Ishibashi’s strong resentment toward the establishment stems from her family’s plight at the end of World War II, a war she blames on Japanese militarists.
As Japan’s defeat became increasingly evident in 1944, Ishibashi’s father was drafted in Korea.
He died a year later. Ishibashi said her mother “went through hell” in the course of being repatriated to Japan and in raising her then 1-year-old daughter amid the rubble of a defeated nation.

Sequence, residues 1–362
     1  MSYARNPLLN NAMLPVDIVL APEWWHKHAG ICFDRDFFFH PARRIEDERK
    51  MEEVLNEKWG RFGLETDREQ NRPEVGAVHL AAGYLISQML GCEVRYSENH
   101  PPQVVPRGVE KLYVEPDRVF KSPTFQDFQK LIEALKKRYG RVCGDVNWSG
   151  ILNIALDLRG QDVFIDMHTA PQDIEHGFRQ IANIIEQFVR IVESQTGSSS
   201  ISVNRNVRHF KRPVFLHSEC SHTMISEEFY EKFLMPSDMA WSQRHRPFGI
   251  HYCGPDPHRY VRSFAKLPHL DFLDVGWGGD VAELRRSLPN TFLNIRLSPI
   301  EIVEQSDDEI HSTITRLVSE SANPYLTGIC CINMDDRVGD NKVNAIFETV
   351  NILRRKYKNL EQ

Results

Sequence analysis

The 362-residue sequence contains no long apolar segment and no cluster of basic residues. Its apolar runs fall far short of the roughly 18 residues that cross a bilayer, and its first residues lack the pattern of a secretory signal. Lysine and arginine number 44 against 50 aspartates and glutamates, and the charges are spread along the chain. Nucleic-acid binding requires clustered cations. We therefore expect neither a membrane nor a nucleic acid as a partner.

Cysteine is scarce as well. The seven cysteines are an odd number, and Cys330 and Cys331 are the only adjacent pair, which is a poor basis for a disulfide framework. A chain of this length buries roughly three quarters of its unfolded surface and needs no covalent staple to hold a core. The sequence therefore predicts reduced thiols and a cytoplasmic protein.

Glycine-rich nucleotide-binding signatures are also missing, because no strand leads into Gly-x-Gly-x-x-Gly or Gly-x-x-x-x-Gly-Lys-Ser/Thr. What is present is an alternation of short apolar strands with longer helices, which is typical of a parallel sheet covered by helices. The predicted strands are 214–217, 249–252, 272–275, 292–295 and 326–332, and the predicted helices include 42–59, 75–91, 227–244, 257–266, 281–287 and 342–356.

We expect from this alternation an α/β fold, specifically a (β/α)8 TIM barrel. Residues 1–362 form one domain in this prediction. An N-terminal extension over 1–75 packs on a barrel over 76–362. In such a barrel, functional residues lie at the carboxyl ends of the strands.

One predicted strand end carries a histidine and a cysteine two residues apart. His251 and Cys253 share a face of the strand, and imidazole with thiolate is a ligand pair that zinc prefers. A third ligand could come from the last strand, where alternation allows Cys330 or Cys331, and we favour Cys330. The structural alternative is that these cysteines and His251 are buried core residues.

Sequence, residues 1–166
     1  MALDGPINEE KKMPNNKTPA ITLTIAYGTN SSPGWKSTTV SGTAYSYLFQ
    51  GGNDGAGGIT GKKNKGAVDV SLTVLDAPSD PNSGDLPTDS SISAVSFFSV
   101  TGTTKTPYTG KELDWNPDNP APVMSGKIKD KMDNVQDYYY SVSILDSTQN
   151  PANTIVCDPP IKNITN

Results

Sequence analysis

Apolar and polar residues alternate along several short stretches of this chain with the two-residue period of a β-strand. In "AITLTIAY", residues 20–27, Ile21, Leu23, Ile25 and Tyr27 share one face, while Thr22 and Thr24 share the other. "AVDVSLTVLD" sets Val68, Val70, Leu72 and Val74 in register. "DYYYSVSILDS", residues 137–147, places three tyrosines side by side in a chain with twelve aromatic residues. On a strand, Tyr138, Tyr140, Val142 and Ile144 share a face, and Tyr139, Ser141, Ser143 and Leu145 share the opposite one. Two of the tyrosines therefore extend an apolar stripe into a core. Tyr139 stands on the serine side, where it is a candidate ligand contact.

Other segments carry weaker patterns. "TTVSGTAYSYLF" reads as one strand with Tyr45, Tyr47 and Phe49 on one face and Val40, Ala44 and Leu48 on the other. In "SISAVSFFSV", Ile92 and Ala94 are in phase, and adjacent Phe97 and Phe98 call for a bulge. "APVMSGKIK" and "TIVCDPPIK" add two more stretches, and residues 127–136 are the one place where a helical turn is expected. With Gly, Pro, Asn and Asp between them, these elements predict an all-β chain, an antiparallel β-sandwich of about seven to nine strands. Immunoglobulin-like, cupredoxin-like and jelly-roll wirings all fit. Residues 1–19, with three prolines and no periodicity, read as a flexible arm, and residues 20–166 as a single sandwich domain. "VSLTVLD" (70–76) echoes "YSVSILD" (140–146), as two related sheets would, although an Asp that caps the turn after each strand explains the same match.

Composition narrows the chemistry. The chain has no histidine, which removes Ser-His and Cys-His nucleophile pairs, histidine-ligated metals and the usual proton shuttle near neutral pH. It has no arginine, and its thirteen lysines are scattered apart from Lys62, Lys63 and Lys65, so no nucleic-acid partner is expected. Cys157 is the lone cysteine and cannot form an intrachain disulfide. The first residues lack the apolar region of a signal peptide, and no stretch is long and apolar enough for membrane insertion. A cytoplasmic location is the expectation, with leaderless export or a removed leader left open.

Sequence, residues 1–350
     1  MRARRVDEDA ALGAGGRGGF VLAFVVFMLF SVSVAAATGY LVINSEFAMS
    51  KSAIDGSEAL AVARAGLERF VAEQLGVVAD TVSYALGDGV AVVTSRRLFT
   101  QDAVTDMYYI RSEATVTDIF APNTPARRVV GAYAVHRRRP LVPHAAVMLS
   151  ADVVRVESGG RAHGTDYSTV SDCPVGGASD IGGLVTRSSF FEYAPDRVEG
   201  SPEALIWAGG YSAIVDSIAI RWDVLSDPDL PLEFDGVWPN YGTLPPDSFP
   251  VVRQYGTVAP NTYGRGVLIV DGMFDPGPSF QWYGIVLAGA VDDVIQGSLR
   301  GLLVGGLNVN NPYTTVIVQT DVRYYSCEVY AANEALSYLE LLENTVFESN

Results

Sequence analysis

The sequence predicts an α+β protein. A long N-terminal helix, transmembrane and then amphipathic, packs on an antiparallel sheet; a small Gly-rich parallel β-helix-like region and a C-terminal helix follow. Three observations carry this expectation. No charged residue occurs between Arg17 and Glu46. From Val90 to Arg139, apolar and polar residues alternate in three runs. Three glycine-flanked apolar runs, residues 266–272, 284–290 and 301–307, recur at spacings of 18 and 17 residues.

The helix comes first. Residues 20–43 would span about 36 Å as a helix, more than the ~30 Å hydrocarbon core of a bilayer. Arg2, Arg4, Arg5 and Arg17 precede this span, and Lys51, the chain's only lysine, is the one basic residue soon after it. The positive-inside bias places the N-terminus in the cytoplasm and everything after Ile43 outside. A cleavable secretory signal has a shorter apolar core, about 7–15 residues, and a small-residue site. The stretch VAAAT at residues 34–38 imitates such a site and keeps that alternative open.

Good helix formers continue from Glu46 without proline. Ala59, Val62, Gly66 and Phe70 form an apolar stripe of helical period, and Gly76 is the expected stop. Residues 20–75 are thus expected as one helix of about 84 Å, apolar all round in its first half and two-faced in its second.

After graduating from Waseda, Ishibashi spent some 10 years as a singer and actress, traveling to Russia for the first time in 1976. She was captivated by Moscow’s desolate nature, which dovetailed with her childhood hardships.
Ishibashi began to collect and sing underground Russian songs, which portrayed the true feelings of the people suppressed by the communist regime, and grew increasingly aware of the reality of Soviet life.
—Yumi Wijers-Hasegawa, “Songs of oppressed now serve to inspire”, The Japan Times, 25 March 2003